Nyan spent the rest of that day and the next taping all the other stories that had come down through time. He skillfully questioned the old man, eliciting every nuance of information that he could.
He negotiated the purchase of the painting, forcing Abner to accept a fair price when he would have given Nyan the painting for free. Abner would not part with the sketch of Teyla, however. He would only say it gave him hope for the future of humanity. Nyan left him his email address, as well as his home address when he left.
Before Nyan left Putney, two Airmen showed up to collect the painting to escort it back to Cheyenne Mountain. Armed with the name Daniel had provided him, Nyan left for New York, and then San Francisco. When he finally got back to Colorado Springs to brief General O’Neill and Dr. Jackson, he had as complete a picture as was possible with five weeks of research.
A little over five and a half years later, Nyan called Abner Lund to tell him to be sure to watch television that night. It was the last time he spoke with Abner. Six weeks later, the portrait of Teyla arrived at his house along with a letter informing Nyan of Mr. Lund’s death.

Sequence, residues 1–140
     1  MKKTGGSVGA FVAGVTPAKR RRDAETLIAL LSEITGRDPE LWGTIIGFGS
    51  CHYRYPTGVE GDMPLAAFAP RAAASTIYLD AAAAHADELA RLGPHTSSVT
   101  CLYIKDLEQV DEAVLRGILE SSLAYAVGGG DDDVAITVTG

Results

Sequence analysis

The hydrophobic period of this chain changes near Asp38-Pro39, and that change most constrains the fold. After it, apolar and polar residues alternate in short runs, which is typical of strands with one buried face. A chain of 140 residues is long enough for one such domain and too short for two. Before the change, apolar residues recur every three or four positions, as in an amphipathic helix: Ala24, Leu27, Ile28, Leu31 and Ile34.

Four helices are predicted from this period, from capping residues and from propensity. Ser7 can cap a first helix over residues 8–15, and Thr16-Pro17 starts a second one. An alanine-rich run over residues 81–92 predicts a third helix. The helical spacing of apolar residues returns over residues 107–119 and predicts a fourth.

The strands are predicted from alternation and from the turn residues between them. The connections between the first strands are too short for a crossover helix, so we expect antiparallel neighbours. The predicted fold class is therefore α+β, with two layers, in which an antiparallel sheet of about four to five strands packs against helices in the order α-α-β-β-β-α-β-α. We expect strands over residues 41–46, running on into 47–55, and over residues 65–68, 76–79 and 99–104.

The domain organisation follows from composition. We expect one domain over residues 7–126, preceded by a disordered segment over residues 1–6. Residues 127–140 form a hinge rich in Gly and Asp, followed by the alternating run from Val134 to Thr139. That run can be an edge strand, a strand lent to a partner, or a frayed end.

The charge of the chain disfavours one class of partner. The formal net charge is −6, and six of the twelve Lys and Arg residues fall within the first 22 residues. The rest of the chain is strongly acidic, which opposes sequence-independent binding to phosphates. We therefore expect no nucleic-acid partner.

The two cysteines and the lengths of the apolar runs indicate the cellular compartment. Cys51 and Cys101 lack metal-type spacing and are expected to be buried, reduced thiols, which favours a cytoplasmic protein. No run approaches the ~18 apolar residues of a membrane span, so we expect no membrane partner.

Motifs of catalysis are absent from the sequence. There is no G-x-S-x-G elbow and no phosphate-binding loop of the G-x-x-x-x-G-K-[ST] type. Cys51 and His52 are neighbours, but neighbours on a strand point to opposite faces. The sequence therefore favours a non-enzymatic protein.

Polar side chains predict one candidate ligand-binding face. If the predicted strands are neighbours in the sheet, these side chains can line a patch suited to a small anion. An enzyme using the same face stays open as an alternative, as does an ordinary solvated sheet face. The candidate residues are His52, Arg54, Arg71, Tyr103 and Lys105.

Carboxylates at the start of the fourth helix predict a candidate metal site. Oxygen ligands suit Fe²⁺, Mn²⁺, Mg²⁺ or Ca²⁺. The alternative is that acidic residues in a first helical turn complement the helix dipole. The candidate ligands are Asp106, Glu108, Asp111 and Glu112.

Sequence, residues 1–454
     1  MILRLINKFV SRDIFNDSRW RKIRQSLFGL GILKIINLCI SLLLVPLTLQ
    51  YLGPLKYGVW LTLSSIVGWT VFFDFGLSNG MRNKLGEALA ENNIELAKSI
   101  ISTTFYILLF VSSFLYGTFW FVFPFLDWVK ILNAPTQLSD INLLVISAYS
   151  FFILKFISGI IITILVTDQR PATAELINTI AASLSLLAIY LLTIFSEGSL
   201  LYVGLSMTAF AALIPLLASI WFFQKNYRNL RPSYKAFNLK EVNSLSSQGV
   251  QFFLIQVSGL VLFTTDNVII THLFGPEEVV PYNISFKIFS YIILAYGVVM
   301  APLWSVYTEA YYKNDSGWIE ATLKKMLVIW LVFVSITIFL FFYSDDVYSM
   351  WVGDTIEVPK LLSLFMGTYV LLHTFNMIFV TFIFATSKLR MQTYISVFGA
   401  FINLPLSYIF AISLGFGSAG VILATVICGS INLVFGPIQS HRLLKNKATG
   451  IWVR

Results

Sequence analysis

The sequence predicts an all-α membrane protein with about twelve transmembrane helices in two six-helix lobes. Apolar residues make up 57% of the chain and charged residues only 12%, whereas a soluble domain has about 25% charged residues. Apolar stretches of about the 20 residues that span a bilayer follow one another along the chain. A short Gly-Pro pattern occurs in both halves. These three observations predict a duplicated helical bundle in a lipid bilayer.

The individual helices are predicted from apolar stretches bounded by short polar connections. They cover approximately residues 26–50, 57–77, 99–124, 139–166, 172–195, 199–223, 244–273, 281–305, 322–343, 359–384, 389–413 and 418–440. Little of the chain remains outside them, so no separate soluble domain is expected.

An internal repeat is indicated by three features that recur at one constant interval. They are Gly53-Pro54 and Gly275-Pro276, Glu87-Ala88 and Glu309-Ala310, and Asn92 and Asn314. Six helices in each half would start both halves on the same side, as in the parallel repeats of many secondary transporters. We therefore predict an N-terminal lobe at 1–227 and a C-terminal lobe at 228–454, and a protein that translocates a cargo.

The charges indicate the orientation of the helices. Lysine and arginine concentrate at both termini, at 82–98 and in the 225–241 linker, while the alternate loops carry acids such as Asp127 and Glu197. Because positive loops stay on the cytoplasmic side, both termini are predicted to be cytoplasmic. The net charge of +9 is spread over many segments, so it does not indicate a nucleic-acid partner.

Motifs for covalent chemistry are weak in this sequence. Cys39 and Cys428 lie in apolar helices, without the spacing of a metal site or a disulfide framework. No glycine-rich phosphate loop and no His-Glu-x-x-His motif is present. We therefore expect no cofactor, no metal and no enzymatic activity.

New York City, December 16, 1898
John held the reins to the chestnuts loosely. Rodney, at his side, as always, was wrapped in a warm woolen blanket, his nose turning red. John steered the sleigh, its waxed blades gliding easily over the two inches of snow.
Glancing at his miserable lover, John laughed. “Should I remind you that this was your idea?”
“Oh, shut up and keep your eyes on the road,” Rodney instructed. He couldn’t even argue with John; today had been his idea. He’d wanted to meet with Edison every time he made an improvement to his motion picture camera. Today, because the weather was so chill, West Side Drive was lightly populated and Thomas had insisted that John and Rodney appear in his film. The man had gone so far as to hire them a sleigh and team.